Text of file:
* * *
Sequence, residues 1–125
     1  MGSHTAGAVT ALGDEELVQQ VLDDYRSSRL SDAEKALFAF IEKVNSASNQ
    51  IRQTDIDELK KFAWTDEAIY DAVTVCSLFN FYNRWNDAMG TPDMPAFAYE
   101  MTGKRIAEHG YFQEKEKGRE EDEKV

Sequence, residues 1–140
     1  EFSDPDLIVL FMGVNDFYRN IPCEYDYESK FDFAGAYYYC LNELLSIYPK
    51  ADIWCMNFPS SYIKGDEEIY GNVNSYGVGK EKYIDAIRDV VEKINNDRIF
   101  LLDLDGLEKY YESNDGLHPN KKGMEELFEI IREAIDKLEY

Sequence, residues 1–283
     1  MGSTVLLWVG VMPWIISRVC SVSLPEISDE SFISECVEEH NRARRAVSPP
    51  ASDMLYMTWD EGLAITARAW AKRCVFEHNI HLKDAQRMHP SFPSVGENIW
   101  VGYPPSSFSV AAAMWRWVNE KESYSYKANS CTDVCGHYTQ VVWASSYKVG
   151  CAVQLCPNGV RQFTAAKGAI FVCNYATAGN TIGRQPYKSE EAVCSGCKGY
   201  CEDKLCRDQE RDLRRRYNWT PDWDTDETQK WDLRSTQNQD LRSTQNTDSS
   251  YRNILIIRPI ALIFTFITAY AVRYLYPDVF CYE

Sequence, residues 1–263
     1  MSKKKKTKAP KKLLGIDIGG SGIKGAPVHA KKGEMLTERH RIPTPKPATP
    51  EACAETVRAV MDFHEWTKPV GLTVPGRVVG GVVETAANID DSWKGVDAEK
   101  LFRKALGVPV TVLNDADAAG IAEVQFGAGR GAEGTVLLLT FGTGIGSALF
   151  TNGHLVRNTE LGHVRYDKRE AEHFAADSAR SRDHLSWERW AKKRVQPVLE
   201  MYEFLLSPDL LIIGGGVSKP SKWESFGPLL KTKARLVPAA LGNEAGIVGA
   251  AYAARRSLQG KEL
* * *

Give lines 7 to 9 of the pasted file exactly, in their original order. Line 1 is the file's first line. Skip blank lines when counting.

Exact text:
    51  ADIWCMNFPS SYIKGDEEIY GNVNSYGVGK EKYIDAIRDV VEKINNDRIF
   101  LLDLDGLEKY YESNDGLHPN KKGMEELFEI IREAIDKLEY

Sequence, residues 1–283